While the 2015 idea of ‘100 Smart Cities Mission’ promised improved standards of living, the reality is that it has forced many people into poverty. Instead of acting as a role model for the tier 2 and tier 3 cities, the governance and financial implications of this urban renewal programme needs to be thoroughly re-examined, according to experts. Besides, this kind of approach is highly centralised, and gives little to no scope for state government intervention, making it highly non-inclusive, and also against the constitutional mandate. Importantly, the project is not in sync with the wider public aspirations. All of these issues were discussed in detail at an online workshop recently on the financial implications of ‘smart cities’ in India and their impact on urban futures. The event was organised by the Environment Support Group in collaboration with Harvard Kennedy School, USA; Helmholtz Centre for Environmental Researcch-UFZ, Germany; and Centre for Financial Accountability, New Delhi.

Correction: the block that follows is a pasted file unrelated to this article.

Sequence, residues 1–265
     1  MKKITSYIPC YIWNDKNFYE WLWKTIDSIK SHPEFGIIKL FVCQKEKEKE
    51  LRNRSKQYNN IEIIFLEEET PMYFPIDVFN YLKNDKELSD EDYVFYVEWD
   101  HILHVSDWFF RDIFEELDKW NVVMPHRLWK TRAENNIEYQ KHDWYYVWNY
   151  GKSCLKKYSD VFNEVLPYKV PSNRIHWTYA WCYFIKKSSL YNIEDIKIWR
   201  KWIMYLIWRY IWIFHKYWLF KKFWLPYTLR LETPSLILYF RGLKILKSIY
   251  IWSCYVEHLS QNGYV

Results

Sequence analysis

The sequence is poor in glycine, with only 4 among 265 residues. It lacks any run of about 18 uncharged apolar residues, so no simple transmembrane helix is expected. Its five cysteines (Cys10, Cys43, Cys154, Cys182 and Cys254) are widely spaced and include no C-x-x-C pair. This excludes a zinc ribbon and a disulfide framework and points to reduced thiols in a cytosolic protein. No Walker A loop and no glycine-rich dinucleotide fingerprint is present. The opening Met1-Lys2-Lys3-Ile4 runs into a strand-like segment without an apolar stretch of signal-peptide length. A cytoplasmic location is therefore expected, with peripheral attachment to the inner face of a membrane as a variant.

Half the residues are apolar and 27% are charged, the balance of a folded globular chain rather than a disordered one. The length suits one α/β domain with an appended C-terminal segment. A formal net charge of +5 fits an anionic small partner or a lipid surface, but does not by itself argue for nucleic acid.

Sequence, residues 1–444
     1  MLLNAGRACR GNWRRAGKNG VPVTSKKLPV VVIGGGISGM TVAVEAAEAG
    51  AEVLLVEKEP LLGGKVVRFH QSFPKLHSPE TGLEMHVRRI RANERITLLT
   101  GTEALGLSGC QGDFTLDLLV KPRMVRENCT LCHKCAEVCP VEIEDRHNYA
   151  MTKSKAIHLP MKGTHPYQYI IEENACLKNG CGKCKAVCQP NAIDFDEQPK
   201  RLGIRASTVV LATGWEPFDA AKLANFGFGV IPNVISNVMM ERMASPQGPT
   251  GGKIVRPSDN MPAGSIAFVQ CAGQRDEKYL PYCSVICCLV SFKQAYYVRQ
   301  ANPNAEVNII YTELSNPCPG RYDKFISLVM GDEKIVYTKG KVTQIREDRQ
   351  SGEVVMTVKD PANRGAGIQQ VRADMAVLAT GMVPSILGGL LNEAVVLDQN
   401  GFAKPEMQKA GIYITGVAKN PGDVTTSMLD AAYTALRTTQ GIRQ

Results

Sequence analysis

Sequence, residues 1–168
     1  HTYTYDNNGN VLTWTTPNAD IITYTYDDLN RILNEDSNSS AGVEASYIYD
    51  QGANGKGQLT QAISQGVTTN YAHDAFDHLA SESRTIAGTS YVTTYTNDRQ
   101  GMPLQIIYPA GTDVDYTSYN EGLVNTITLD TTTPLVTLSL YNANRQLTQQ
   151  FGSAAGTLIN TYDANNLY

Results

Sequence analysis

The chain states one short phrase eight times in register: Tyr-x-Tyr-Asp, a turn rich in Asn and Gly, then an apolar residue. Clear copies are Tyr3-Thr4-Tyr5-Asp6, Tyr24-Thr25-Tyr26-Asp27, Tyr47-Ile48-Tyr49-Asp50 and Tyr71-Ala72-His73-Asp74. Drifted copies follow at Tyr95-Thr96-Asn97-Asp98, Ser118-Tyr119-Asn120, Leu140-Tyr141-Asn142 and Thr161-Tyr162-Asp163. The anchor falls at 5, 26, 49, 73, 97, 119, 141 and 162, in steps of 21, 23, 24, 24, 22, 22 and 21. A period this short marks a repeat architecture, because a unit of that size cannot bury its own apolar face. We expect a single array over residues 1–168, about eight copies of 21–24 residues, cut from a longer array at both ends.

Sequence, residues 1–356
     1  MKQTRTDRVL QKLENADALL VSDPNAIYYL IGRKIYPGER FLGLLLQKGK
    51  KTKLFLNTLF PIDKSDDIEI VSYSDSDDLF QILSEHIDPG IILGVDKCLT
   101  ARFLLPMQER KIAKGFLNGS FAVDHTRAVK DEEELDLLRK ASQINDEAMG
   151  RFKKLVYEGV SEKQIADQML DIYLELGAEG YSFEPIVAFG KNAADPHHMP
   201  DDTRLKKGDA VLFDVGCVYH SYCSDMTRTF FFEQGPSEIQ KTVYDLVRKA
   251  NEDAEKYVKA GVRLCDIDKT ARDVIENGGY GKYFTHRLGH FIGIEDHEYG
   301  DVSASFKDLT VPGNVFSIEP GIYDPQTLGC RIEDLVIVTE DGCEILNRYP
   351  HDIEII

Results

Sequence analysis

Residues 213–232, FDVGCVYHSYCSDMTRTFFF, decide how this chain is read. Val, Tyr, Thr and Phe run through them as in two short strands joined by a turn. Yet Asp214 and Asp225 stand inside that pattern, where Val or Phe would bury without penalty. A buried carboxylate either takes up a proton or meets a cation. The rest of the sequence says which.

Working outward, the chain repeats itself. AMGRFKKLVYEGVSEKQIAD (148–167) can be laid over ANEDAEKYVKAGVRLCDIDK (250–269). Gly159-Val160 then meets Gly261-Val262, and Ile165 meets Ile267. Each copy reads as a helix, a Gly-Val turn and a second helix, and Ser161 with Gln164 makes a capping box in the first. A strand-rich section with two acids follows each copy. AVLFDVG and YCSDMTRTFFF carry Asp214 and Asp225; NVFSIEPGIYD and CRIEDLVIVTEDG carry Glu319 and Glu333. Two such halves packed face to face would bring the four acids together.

The full article published in ResidentsWatch can be accessed here.